This year is the 50th Anniversary of the Chamber Music Contest, so CMNZ is spending plenty of time connecting with Contest Alumni members. Our Alumni Correspondent Salina Fisher has been delving deep into the 50-year history of the Contest, and will be sharing many Alumni stories for you in the coming months as we celebrate an important year for the Contest.
Salina caught up with Contest Alumnus Emma Richards, Principal 3rd Horn of the Auckland Philharmonia Orchestra, to hear about her Contest experience…
I was first involved in the Chamber Music NZ Contest in 1999 when we entered our brass quintet. I remember thinking we were super cool and edgy with our name, “Quintessential Brass”! We entered every year we could after that and never made it past the regional heats… but at the end of the day it is not about winning or losing. I think if you can go out on stage and play your absolute best and have a great time doing it, then you have already won!
LASTING CONTEST MEMORIES & FUNNY STORIES
Over the four years we played together we also saw each other through a lot of life events. We went to each other’s birthdays and concerts… I even took one of them to my school ball!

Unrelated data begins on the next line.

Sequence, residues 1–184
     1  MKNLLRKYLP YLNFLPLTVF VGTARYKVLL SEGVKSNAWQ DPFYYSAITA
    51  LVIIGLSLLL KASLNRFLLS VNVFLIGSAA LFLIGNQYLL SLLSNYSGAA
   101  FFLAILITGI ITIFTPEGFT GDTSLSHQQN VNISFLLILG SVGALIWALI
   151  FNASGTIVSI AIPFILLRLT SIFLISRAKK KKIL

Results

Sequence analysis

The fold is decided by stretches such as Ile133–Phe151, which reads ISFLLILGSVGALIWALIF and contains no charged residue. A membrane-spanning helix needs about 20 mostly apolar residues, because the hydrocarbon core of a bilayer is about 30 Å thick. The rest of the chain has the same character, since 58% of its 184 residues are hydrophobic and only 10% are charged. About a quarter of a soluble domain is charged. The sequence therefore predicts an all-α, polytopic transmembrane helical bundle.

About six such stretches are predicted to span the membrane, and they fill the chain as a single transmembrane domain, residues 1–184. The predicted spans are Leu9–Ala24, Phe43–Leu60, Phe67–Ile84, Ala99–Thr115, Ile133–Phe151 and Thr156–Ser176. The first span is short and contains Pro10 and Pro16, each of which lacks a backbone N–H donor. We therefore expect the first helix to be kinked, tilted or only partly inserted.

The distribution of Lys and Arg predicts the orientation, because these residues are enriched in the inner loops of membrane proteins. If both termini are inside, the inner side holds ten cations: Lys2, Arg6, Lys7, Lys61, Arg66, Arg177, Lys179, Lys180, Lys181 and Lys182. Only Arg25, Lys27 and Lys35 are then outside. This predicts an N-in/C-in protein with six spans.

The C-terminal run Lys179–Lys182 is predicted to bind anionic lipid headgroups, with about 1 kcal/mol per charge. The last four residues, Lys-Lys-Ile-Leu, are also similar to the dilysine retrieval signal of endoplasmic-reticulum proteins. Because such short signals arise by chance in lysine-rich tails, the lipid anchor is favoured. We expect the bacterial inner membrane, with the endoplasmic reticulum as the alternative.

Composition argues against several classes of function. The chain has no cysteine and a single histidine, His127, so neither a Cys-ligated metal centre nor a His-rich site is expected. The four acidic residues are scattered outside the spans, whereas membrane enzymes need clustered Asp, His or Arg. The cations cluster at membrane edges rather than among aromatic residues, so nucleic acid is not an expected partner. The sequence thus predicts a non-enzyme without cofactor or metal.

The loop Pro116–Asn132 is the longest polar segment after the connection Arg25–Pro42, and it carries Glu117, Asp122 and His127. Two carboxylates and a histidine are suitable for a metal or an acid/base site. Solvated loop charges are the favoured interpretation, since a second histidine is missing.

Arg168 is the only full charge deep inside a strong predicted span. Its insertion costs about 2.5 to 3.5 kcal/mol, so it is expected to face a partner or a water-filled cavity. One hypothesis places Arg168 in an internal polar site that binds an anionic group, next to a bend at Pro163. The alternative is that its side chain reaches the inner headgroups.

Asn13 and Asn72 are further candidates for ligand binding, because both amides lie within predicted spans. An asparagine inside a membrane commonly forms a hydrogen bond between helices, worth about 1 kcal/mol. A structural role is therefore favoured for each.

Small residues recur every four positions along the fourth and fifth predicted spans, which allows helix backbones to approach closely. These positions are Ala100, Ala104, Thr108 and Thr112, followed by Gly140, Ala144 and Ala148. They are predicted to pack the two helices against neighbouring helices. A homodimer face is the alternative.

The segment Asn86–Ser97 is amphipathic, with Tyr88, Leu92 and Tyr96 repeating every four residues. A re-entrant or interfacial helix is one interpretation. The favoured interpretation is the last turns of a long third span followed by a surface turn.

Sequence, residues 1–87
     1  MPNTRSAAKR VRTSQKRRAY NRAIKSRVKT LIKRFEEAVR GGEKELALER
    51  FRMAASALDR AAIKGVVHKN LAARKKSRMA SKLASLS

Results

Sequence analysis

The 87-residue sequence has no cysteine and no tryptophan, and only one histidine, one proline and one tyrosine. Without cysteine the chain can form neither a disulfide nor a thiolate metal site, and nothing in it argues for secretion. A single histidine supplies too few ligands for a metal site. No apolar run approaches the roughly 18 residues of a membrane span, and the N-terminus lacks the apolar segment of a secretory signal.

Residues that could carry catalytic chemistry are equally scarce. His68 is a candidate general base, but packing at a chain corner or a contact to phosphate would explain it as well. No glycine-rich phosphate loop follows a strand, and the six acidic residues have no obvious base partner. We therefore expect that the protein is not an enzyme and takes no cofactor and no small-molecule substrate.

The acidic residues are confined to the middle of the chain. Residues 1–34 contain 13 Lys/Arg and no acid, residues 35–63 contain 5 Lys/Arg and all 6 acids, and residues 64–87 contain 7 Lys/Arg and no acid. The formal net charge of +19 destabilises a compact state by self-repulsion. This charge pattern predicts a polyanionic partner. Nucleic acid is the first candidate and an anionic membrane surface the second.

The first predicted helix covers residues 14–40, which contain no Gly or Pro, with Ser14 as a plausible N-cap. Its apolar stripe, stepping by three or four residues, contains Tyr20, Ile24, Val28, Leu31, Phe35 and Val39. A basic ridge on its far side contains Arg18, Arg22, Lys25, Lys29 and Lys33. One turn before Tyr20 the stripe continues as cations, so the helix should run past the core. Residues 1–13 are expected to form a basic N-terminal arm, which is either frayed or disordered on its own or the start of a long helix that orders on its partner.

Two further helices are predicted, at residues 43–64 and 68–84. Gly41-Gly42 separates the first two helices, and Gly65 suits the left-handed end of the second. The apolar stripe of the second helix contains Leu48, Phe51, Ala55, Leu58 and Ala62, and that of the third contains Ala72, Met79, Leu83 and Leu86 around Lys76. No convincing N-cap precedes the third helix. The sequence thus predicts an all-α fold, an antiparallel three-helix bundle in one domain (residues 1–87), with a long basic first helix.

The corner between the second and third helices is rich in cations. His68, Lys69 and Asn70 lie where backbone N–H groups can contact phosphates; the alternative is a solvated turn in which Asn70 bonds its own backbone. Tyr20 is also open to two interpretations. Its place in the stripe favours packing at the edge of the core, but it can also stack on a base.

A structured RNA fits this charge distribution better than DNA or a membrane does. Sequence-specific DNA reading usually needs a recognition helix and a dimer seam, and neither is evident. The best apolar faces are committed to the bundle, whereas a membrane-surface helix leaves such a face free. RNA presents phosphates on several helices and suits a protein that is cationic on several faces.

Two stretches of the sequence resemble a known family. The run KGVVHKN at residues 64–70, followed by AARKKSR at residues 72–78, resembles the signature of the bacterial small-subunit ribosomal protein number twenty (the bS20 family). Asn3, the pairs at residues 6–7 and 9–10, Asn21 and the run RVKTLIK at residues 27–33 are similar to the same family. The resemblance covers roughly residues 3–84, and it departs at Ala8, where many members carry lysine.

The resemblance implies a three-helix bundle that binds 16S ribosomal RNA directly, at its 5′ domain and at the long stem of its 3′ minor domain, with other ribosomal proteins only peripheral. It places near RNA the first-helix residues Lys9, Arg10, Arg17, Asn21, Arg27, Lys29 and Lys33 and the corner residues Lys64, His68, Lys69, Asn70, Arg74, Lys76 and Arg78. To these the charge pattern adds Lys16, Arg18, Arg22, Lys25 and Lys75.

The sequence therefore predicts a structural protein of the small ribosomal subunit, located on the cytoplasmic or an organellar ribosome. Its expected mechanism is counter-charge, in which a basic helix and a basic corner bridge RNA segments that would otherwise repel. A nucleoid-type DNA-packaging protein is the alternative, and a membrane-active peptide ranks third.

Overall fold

We went to each other’s birthdays and concerts… I even took one of them to my school ball!
For me the lasting memory is the hours of preparation time we spent together. We were pretty much self-directed so rehearsals were sometimes a bit unruly but we had so much fun. I remember the hours of practise in a freezing cold band room which at one point had a really annoying flickering light bulb. Because we were practicing in a Brass Band room we had access to a drum kit and a massive gong. Although we all knew very well that we were not allowed to touch it we could not resist adding a cool backing beat to our piece. We felt like rock stars at the time!! I am still in touch with three of the members of the group, mostly through Facebook. I saw one guy in the supermarket in Auckland the other month and we chatted and laughed about our brass quintet times in Timaru.
WHAT MAKES THE CONTEST SO UNIQUE
I think chamber music is always a special privilege. The Contest is a fantastic way to introduce young people to working together in smaller groups and gives students from all different backgrounds a chance to meet and hear each other.
The contest is a fantastic way to introduce young people to working together in smaller groups and gives students from all different backgrounds a chance to meet and hear each other.
I probably did not realise it at the time but taking part in the Chamber Music Contest was a life changing experience. It helped to fuel my lifelong love of chamber music, taught me the ins and outs of working together as a quintet and most importantly made me some awesome friends.
WHERE I ENDED UP
I am now a horn player in the Auckland Philharmonia and happy to say I still love playing chamber music with ACE Brass Trio. I feel grateful to be doing something I love!